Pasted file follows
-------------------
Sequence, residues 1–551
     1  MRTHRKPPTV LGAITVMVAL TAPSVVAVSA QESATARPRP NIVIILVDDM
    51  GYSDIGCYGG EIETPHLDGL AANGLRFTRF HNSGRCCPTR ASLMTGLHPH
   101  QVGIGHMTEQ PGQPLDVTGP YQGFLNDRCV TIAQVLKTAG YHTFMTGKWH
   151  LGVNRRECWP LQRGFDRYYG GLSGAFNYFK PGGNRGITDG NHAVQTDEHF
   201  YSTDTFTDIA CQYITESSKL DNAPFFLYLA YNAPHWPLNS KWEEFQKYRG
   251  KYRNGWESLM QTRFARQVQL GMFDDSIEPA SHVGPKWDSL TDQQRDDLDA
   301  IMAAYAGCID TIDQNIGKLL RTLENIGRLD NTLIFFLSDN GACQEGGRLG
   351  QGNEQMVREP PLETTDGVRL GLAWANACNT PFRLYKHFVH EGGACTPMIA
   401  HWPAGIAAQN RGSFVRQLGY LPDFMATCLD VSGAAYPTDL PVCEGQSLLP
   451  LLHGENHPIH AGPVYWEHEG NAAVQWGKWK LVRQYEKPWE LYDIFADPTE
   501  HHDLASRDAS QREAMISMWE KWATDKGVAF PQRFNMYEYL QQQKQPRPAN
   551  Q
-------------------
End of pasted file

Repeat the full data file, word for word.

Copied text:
Sequence, residues 1–551
     1  MRTHRKPPTV LGAITVMVAL TAPSVVAVSA QESATARPRP NIVIILVDDM
    51  GYSDIGCYGG EIETPHLDGL AANGLRFTRF HNSGRCCPTR ASLMTGLHPH
   101  QVGIGHMTEQ PGQPLDVTGP YQGFLNDRCV TIAQVLKTAG YHTFMTGKWH
   151  LGVNRRECWP LQRGFDRYYG GLSGAFNYFK PGGNRGITDG NHAVQTDEHF
   201  YSTDTFTDIA CQYITESSKL DNAPFFLYLA YNAPHWPLNS KWEEFQKYRG
   251  KYRNGWESLM QTRFARQVQL GMFDDSIEPA SHVGPKWDSL TDQQRDDLDA
   301  IMAAYAGCID TIDQNIGKLL RTLENIGRLD NTLIFFLSDN GACQEGGRLG
   351  QGNEQMVREP PLETTDGVRL GLAWANACNT PFRLYKHFVH EGGACTPMIA
   401  HWPAGIAAQN RGSFVRQLGY LPDFMATCLD VSGAAYPTDL PVCEGQSLLP
   451  LLHGENHPIH AGPVYWEHEG NAAVQWGKWK LVRQYEKPWE LYDIFADPTE
   501  HHDLASRDAS QREAMISMWE KWATDKGVAF PQRFNMYEYL QQQKQPRPAN
   551  Q